|Date Published||11 January 2018|
A Map of the Dark
Special Agent Elsa Myer is emotionally torn, hunting for a missing 17-year-old girl, whilst her father lies in a hospital bed, dying of cancer.
Lex and Elsa could be a good partnership, but between Lex’s invasion of Elsa’s privacy and too many holes in his initial investigation, they don’t get off to a good start. Worse still, the further they search for the abductor and discover the missing girl’s secrets, the more Elsa’s past rises to the surface. It could be the undoing of Elsa and her family.
A Map of The Dark is a breath of fresh air. It’s a police procedural without a serial killer who is trying to outdo his fictional colleagues with a bizarre and gratuitously gory modus operandi. Written in the third person present tense, the story follows Elsa for the most part. However, it is interjected with chapters from the victim’s point of view. Again, that’s a pleasing departure from the fashionable and common use of the perpetrator’s point of view.
At first, I rolled my eyes when I realised I was on a journey with yet another agent with more baggage than the lost and found room at Paddington station. But it soon became clear that this aspect of the protagonist is more than a way of making her interesting. Elsa is a flawed and troubled woman, and some readers may find her obsession with cutting disturbing. It certainly doesn’t make her an attractive character. Yet there is much to like about her. She shows a degree of personal growth throughout the story, but it is realistically minimal. And that her issues have not been resolved gives a sense that this character will develop further throughout the series.
Elsa’s relationship with Lex is convincing, but there is no developing love interest. I would like to have got to know Lex more. For the time being his character is presented as unflappable and likeable, but he doesn’t leap off the page. Elsa’s relationship with her family (father, sister and niece) is believable. However, from the start it is clear she had issues with her mother, and the foreshadowing is indiscreet.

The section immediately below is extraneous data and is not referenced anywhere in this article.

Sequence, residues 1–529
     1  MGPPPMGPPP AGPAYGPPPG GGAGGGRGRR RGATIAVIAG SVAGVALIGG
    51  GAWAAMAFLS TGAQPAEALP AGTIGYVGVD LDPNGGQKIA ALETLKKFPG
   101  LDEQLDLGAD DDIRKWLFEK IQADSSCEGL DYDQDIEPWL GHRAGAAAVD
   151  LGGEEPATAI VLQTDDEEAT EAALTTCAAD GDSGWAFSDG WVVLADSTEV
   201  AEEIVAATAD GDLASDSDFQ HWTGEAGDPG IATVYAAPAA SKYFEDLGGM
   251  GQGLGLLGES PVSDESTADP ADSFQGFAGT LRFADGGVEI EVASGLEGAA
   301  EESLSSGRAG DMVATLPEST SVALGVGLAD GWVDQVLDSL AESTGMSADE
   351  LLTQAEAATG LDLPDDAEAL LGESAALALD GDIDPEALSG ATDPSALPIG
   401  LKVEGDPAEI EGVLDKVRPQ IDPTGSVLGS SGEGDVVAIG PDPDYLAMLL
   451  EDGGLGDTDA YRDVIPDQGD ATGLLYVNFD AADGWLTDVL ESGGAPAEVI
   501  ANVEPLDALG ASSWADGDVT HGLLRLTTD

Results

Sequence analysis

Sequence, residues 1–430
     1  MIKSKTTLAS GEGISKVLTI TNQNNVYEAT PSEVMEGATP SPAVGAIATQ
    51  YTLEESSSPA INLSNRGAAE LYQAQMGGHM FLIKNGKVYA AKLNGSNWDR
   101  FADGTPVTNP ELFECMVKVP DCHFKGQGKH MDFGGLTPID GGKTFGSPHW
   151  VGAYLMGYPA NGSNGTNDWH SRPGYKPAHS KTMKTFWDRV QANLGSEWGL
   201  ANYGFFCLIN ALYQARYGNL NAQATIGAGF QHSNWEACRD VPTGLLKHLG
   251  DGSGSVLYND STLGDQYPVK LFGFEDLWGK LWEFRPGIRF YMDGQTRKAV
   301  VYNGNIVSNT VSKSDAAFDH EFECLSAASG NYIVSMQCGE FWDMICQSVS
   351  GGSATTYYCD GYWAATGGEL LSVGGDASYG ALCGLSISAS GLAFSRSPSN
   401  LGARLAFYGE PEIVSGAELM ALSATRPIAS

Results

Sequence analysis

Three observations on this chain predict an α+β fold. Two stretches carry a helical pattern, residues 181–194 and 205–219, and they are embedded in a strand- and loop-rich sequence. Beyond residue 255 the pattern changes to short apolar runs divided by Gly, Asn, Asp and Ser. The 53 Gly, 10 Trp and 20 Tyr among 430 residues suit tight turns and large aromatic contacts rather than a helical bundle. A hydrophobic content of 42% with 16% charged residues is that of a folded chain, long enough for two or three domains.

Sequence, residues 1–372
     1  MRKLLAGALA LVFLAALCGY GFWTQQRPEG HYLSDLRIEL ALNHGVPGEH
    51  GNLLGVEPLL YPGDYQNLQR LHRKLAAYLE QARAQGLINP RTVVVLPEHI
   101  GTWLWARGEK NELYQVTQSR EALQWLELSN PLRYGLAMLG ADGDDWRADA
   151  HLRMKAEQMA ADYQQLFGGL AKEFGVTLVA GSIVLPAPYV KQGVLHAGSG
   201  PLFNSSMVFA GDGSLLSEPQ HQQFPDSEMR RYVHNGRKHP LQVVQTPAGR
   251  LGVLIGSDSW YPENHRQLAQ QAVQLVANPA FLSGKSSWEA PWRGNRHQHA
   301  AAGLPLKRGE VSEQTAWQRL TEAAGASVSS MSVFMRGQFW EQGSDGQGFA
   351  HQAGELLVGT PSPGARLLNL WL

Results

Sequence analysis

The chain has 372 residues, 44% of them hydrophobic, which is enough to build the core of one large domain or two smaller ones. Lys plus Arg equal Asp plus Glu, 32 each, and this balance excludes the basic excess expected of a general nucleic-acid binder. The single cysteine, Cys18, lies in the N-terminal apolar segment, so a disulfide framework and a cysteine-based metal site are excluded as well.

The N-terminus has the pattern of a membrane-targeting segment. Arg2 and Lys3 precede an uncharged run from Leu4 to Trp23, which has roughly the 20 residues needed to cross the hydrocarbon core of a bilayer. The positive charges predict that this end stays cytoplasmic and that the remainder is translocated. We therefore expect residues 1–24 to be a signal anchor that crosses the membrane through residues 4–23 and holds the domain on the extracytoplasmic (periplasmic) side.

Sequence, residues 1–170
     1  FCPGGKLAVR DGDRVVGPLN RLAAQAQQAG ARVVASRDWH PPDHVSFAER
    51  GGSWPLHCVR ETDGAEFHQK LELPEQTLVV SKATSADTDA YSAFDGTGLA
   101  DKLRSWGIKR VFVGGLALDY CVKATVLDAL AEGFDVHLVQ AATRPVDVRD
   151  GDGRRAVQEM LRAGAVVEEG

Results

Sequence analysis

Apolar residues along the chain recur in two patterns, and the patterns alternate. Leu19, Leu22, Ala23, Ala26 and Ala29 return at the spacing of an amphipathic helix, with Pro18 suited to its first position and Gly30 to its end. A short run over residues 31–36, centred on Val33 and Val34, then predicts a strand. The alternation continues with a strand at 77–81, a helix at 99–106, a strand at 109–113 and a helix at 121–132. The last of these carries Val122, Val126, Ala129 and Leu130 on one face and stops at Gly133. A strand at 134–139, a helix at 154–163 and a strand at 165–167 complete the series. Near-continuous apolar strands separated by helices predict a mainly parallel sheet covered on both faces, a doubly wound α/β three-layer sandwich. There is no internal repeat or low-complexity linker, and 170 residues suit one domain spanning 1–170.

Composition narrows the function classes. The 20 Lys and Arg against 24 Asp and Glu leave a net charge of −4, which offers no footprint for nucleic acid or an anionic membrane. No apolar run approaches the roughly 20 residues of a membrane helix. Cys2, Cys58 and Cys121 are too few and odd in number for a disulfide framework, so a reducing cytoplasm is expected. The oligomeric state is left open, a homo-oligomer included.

Where my suspension of disbelief flounders is Elsa’s casual, almost nonchalant, temporary guardianship of her niece. For an FBI agent who specialises in missing children cases, her concerns for the girl’s whereabouts and behaviour seem belated.
There are chapters that are pure backstory, which are relevant to the subplot, not the main story. And at times, the subplot supersedes the main plot. Particularly at the start, the reader does have to wade through multiple paragraphs of introspections/backstory in the middle of conversations, which dislocates the flow.
With a reasonably limited cast of also-ran characters, all underdeveloped, and with an unfortunate bit of stereotyping, the perpetrator comes as no surprise. The dialogue is believable, if not particularly distinctive between characters. There is an imbalance between the forward-propelling dialogue and action, and the slowing effect of introspection, leaving the pacing inconsistent. And although it isn’t particularly detrimental to the plot, I don’t have a sense of place.
Niggles aside, this a complex and gritty read with surprising character depth for a police procedural. Hopefully, now we have had a thorough introduction to the main character, future books in this series will stay more in the present and focus on the crime.
Reviewed 17 March 2018 by Kati Barr-Taylor
Kati Barr-Taylor lives in her ‘cosy pigsty’ in the Dordogne. She satisfies her literary cravings by translating, writing, editing and reading.